Following lockdown after lockdown where the world seemed to stand still, music lovers are demanding live shows more than ever. Spotify have noticed the increase in interest and are jumping in. They’ve got themselves involved with the sale of concert tickets.
During lockdowns music all turned to the internet. It didn’t have any other option. Artists weren’t able to perform live, and their fans weren’t able to attend events. Due to this, live music was non existent. While we all became more reliant on streaming platforms, live music was certainly missed. After all, it’s a completely different experience. One which cannot be recreated online.
Spotify has 433 million monthly active users currently, so they’d certainly have an audience. Currently, they’re in the testing stages of selling tickets directly to fans through their new website. It seems we might be heading towards a year of live music being at its prime. With restrictions being lifted, there’s nothing stopping artists from performing to a crowd of people.
In order to be able to purchase concert tickets, fans will need to have their own Spotify account. So, by the streaming platform creating this new feature, it’s really expanding their current one. You can register for a free account though, you don’t need to be paying for Premium in order to purchase tickets. Several artists are listed Annie DiRusso, Crows, Dirty Honey, Four Years Strong, Limbeck Osees and Tokimonsta.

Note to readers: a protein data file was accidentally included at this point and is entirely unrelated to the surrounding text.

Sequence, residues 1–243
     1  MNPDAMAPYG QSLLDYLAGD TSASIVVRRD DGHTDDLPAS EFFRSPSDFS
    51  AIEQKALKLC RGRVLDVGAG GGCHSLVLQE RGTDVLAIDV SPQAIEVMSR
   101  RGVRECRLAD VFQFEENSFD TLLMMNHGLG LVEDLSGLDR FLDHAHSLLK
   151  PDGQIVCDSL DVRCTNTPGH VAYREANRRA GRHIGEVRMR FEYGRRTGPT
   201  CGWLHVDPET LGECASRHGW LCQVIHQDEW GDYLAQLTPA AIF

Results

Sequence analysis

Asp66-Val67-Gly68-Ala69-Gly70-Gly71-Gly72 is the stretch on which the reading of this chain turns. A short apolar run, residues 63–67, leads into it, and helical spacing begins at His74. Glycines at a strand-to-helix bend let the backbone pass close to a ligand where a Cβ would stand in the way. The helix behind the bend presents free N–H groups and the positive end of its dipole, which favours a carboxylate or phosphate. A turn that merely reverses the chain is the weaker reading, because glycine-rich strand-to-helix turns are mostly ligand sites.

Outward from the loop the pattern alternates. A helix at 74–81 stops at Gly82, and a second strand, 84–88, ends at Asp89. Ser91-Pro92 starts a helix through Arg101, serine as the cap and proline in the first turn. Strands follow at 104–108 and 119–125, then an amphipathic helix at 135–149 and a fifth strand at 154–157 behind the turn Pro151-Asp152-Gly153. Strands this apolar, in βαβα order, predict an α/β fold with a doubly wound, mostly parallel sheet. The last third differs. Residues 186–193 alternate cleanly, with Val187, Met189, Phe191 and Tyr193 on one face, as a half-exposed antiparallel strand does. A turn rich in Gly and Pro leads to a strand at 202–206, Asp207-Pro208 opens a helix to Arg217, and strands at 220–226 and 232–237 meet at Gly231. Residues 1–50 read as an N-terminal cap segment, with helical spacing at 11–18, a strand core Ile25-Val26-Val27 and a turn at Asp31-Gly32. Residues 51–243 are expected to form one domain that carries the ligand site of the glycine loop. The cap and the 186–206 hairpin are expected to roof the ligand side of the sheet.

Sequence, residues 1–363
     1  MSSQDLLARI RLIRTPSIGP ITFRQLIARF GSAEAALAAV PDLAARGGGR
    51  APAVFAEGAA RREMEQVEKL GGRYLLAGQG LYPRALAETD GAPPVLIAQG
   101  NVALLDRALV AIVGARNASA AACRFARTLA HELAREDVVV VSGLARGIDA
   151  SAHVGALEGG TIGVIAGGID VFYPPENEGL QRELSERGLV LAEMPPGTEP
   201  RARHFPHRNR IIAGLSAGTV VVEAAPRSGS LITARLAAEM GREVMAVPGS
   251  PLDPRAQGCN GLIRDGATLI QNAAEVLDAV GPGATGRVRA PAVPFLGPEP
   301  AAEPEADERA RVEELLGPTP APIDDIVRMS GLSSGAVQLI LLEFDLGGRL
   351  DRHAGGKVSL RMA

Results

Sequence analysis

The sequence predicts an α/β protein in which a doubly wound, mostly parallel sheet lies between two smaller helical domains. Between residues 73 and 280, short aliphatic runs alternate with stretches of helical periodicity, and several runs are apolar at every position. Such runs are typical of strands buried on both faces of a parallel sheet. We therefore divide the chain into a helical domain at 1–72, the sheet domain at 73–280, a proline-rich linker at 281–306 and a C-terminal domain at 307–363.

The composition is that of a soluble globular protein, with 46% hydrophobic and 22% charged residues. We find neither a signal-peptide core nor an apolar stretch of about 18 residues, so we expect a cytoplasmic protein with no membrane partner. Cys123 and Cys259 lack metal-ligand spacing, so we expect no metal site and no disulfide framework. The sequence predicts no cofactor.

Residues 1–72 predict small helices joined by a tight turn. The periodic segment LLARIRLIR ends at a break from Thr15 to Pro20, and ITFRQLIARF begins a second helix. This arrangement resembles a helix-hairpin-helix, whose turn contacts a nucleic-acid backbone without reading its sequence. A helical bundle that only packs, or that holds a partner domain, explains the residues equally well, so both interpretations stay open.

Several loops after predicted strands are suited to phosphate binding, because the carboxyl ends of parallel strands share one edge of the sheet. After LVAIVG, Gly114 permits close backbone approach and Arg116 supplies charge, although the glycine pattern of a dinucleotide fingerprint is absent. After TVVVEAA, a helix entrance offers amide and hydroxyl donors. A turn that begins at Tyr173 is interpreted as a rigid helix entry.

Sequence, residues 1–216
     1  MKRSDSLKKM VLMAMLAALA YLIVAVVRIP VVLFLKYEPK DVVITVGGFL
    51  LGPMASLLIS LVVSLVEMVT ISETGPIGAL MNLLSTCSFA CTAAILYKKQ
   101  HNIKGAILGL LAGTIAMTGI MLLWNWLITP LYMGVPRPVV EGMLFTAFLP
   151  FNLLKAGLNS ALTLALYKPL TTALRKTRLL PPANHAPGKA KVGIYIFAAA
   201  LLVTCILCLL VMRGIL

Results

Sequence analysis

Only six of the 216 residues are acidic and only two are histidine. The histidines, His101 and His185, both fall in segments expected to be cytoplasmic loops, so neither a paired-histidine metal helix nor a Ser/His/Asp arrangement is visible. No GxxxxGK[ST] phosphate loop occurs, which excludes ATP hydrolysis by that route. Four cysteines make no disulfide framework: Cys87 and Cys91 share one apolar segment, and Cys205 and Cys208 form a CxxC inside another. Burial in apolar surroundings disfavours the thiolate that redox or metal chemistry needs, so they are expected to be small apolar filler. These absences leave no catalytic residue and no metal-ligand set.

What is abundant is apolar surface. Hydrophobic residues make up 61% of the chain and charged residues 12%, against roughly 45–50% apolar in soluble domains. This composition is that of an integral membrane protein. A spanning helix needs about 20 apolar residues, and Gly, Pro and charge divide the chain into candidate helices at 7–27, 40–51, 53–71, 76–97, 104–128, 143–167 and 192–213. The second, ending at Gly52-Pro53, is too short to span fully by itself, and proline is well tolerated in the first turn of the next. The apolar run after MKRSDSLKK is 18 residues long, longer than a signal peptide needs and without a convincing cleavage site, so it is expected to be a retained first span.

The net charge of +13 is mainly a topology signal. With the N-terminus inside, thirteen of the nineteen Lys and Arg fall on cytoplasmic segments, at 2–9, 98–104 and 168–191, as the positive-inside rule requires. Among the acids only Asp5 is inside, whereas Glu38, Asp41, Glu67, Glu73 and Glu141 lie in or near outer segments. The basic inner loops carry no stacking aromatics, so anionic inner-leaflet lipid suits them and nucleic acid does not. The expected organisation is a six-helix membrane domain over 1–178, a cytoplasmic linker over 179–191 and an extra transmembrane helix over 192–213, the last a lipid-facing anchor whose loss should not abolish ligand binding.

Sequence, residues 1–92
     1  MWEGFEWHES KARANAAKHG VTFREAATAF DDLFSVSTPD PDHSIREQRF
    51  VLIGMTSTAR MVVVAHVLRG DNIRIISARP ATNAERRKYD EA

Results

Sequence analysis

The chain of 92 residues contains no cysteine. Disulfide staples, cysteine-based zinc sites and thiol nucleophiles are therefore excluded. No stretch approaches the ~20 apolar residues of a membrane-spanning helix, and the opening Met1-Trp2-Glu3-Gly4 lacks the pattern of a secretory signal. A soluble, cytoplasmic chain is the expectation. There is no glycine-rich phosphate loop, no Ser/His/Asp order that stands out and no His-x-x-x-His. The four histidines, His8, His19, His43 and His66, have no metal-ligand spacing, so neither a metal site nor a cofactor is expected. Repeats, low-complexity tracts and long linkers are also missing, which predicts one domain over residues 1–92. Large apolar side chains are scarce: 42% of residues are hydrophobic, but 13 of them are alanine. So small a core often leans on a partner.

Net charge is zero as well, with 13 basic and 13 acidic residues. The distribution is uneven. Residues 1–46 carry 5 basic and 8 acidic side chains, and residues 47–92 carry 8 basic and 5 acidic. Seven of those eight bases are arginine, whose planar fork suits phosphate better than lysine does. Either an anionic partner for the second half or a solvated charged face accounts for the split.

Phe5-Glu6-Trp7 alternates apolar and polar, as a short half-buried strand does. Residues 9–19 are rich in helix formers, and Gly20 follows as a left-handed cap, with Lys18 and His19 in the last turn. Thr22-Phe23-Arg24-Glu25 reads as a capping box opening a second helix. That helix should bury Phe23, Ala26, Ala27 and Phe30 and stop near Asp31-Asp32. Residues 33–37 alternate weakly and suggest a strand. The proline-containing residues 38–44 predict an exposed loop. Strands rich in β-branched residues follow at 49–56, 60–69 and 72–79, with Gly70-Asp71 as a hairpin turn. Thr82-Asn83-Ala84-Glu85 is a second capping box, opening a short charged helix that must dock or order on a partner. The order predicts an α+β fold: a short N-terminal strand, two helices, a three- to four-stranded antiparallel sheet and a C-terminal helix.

As they move forward, it’s likely more artists shows will be added. However, for now, it really is the beginning stage. Spotify have said they may not continue with this avenue. If it doesn’t work, they’ll simply scrap the idea it seems. The platform already have a Live Events section which supports sales through various ticket platforms. But, with live shows becoming popular again, it seems they want their own part in this process.
“At Spotify, we routinely test new products and ideas to improve our user experience”Spotify spokesperson
Currently, Spotify are not in control of ticket availability. This is because they’re hosting for third party platforms. Instead of being in charge of ticket sales themselves, right not they’re acting as hosts for companies such as Ticketmaster. The value of the tickets also aren’t decided by Spotify. They have no role to play in the tickets or events themselves. Their part is simply to provide an extra platform for fans to purchase through.
Moving forward it will be interesting to see how their trial plays out. Will they decide they want to launch a ticket site? Or, will they find it’s easier to stick to their current role of being a host for ticket companies? Spotify certainly aren’t intimidated by a challenge. After all, they’ve recently partnered with FC Barcelona and taken over Heardle. So, if they think it’s worthwhile, we’ll definitely be seeing Spotify set up their ticket sales properly soon enough.